Our fall newsletter featured democracy in a lead role; the 2020 Sentinel Awards gone virtual; Mandy Moore of NBC’s “This Is Us” talking about her character’s “terrifying journey” dealing with Alzheimer’s; how Black women had Georgia on their minds; and Serena Williams investing in moms and babies.
The summer newsletter looks at how to shoot a bedroom scene in a pandemic; our popular series of webinar talks on topics related to COVID-19 wraps up; LeBron James flexes some voting muscle; the lesson of Chernobyl; the latest on the 2020 Sentinel Awards
Hollywood, Health & Society (HH&S), in partnership with the Writers Guild of America, presented a timely series of online conversations on topics related to the pandemic, bringing together storytellers and experts. The popular series of evening webinars, held every Tuesday, covered topics in the age of COVID-19 such as addiction, Black maternal health, criminal justice, older adults and caregiving, mental health, reproductive rights, and lupus and hydroxychloroquine.
The latest newsletter showcases our work—with panel discussions on racism and childbirth, addiction and mental illness; a briefing with Mindy Kaling's creative team for a new Netflix show; interviews about reproductive rights and nuclear risk; "Better With Age" at the ATX Television Festival, and so much more!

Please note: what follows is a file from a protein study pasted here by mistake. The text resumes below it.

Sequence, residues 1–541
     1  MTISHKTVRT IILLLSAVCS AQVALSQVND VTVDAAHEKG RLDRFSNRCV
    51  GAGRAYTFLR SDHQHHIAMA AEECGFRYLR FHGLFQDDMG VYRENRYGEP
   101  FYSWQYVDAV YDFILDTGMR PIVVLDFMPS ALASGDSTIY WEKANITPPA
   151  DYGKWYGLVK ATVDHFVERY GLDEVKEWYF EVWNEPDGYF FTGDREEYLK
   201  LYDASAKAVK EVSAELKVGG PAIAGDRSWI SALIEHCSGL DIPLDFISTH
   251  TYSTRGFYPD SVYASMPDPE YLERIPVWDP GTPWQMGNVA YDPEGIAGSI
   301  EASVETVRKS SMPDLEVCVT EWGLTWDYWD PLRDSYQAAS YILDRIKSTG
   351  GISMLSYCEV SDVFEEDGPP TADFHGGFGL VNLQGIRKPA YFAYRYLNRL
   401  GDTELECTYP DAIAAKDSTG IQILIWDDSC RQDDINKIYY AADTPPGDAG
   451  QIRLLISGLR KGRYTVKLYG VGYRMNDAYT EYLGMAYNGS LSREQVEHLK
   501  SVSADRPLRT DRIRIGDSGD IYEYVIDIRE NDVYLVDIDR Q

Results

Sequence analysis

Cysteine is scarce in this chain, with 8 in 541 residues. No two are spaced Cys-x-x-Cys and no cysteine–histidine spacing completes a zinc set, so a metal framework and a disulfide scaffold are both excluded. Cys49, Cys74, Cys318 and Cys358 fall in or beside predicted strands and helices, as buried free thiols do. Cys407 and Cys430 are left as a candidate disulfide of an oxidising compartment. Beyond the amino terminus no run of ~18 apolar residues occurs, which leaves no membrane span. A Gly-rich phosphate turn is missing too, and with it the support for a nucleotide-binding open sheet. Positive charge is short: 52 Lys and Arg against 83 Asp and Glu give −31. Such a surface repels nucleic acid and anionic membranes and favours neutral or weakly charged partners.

Screenwriter John August ("Aladdin") moderated a panel discussion on how Hollywood can help change the narrative about drug addiction and mental health. At one point, he asked the speakers on stage to recount something they had seen in a film or on TV that they didn’t want to see anymore.
U.S. Surgeon General Dr. Vivek Murthy called for a fundamental change in fighting America’s opioid epidemic, saying that those struggling with addiction have a chronic illness and need treatment, along with counseling, compassion and support.
Medical experts, policy specialists and TV writers who've turned stories about addiction into top-rated television shows offered compelling stories about addiction from substance abuse to treatment and recovery at Writers Guild of America, West. The keynote speaker was Dr. Timothy Condon, deputy director of the National Institute on Drug Abuse.